- Pulling the yellow knob allowed me to go back the way I came, through the maze.
- Pulling the blue knob opened an area where I found a fortune telling machine and a sign saying that it was out of order. Sure enough, the machine fizzled when I tried to activate it. In another room I found a loud steam calliope and a merry-go-round. Pressing the nearby blue button stopped the merry-go-round, but the calliope was so loud that I couldn't concentrate to do anything else.
- Pulling the green knob opened into an area where I found a small trampoline I could take with me. The next room was a shooting gallery, where I found a mounted gun pointing into a window with some clay pigeons on the other side. I was able to shoot some clay pigeons to no discernible effect. With little else to do here, I took some spectacles I found on the floor and left.
The west exit from the knob room led to a room with a water tank. Peering through a window I saw a mermaid inside, waving at me. I waved back, and continued up a sloping hallway. Halfway up on a landing I came to a slippery slide, with a sign saying that it was for authorised personnel only. A gentle blast of air was blowing up my leg for unknown reasons. Figuring that getting back up might be difficult, I decided to ignore the slide for now and continue exploring elsewhere.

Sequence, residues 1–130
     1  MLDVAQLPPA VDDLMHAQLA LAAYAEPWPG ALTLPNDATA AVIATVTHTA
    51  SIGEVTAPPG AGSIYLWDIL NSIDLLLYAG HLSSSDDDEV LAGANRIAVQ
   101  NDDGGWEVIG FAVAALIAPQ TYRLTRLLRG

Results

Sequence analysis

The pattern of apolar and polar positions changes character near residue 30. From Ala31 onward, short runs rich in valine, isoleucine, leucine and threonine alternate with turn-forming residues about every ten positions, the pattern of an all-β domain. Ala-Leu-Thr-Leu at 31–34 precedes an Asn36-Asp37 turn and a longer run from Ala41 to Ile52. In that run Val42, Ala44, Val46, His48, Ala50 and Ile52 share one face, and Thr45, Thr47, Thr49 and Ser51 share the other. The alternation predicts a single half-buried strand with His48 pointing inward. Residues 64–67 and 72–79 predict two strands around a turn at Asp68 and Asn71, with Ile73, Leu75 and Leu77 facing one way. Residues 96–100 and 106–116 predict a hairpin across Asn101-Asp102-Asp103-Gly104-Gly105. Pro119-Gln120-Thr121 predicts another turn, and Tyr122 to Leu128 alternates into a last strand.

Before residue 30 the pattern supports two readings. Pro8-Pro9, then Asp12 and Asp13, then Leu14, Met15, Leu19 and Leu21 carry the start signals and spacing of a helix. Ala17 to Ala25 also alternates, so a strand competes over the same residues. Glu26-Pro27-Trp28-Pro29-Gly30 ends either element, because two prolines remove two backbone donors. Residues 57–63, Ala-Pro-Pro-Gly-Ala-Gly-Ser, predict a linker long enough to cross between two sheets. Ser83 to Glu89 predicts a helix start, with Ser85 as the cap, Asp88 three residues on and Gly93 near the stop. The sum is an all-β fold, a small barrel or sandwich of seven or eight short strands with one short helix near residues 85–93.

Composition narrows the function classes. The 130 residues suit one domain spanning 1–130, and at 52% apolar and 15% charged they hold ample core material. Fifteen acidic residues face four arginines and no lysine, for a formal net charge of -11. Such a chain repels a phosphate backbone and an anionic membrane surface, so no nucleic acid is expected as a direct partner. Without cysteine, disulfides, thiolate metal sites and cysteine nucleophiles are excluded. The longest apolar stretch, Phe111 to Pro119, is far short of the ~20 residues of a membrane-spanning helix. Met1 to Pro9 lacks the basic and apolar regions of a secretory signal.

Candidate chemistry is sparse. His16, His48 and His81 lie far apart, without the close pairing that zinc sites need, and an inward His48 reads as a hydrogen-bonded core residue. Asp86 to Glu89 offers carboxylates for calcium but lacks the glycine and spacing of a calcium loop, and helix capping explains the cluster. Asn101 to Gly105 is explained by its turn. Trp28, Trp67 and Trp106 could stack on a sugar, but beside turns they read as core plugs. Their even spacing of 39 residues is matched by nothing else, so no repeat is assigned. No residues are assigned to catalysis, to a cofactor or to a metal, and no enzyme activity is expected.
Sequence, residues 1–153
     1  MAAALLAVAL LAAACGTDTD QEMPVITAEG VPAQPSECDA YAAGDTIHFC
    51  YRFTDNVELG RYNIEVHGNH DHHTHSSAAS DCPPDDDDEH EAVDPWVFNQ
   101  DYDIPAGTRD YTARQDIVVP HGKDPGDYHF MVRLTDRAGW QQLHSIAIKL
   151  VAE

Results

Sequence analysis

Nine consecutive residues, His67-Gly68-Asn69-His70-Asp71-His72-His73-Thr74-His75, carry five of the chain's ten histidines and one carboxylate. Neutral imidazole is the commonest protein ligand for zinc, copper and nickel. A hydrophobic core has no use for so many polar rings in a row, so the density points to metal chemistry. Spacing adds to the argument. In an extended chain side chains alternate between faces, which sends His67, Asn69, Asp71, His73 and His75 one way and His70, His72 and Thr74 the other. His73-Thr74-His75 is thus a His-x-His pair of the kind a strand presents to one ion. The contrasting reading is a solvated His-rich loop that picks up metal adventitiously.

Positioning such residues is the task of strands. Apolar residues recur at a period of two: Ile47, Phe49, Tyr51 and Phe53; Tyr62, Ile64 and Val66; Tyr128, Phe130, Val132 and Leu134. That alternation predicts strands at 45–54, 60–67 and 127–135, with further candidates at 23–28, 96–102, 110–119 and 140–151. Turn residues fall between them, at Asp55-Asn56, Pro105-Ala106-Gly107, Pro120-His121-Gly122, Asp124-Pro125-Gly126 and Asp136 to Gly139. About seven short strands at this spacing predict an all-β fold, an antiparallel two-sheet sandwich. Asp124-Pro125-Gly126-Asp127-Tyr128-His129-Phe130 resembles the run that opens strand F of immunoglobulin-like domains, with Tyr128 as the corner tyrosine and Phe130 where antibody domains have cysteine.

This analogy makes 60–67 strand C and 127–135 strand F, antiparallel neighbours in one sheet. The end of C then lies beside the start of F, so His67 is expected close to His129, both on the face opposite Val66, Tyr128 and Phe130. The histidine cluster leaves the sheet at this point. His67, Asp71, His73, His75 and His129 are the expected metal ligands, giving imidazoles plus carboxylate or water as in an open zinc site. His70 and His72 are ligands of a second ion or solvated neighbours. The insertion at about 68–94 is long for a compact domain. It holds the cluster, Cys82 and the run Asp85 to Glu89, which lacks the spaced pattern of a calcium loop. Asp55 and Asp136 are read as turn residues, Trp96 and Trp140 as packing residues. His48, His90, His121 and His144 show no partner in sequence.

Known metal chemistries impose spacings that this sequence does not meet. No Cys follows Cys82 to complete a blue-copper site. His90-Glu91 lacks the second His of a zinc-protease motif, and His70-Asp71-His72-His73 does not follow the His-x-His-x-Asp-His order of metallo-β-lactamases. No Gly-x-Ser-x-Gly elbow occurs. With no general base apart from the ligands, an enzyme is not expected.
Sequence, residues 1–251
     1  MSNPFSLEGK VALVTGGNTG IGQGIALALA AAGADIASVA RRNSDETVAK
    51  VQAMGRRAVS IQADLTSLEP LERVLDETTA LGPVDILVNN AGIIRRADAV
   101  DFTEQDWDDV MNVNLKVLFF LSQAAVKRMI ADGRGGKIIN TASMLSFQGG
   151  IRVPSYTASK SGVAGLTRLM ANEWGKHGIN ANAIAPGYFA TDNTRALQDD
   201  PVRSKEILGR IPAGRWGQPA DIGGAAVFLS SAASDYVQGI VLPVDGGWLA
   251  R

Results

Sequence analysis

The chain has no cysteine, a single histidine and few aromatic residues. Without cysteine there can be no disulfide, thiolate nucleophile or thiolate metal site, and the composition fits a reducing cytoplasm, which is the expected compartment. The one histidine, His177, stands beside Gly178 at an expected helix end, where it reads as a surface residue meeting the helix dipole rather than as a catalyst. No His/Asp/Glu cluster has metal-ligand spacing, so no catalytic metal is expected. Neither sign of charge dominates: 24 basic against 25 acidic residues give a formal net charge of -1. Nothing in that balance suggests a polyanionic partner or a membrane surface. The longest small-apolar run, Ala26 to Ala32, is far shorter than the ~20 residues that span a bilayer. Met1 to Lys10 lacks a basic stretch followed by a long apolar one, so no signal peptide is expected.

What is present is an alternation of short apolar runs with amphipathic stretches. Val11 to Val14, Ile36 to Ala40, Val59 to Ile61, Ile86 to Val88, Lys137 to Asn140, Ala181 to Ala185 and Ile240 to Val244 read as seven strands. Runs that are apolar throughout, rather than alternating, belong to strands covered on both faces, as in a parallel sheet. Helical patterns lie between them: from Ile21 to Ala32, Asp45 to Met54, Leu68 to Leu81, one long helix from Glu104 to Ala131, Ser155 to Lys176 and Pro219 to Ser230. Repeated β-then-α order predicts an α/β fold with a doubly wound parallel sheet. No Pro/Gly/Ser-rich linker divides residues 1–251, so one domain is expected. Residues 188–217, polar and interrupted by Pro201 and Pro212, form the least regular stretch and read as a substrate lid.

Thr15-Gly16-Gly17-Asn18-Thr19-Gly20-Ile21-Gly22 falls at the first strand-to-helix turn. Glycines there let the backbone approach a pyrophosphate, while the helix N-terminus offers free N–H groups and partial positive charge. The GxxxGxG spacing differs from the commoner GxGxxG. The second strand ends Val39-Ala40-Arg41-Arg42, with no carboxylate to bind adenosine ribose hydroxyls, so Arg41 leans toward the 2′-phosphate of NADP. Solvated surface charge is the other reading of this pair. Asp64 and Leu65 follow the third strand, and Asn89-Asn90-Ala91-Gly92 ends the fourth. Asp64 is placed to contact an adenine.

An eastern passage from the landing led to a "windy hall", which led back to the "windy maze", so I guess that explains the air blowing up my leg in a punny sort of way. Heading further up a rickety staircase, I came to a ledge over a deep pit. A ladder led down, with a sign that also indicated it was only for authorised personnel.
Ignoring the pit for now, I took a passage east and found myself in a rolling barrel room. Here I found a comb and a match, but due to the rolling I was unable to get out as I kept falling flat on my face. A ROLL command did the trick, and allowed me to get back out to the ledge. (I was having trouble with my inventory limit at this point: having to carry the shoes and the ticket around at all times is a bit of a hindrance.)